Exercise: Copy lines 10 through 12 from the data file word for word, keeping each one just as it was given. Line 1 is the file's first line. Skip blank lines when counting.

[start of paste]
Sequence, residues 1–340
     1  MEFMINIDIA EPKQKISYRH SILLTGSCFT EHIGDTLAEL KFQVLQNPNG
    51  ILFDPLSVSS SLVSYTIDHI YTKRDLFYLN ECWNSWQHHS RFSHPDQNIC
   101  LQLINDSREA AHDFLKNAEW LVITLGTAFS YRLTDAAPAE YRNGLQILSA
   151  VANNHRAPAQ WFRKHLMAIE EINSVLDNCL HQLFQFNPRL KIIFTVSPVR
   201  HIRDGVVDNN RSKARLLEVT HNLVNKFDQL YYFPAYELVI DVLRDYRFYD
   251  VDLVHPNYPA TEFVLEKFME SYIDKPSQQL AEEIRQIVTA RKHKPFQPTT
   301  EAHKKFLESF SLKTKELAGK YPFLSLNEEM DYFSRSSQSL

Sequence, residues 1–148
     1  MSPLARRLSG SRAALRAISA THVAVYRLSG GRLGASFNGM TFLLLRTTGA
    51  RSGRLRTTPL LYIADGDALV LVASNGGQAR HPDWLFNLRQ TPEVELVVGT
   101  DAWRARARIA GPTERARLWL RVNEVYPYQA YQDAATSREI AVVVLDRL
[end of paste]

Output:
     1  MSPLARRLSG SRAALRAISA THVAVYRLSG GRLGASFNGM TFLLLRTTGA
    51  RSGRLRTTPL LYIADGDALV LVASNGGQAR HPDWLFNLRQ TPEVELVVGT
   101  DAWRARARIA GPTERARLWL RVNEVYPYQA YQDAATSREI AVVVLDRL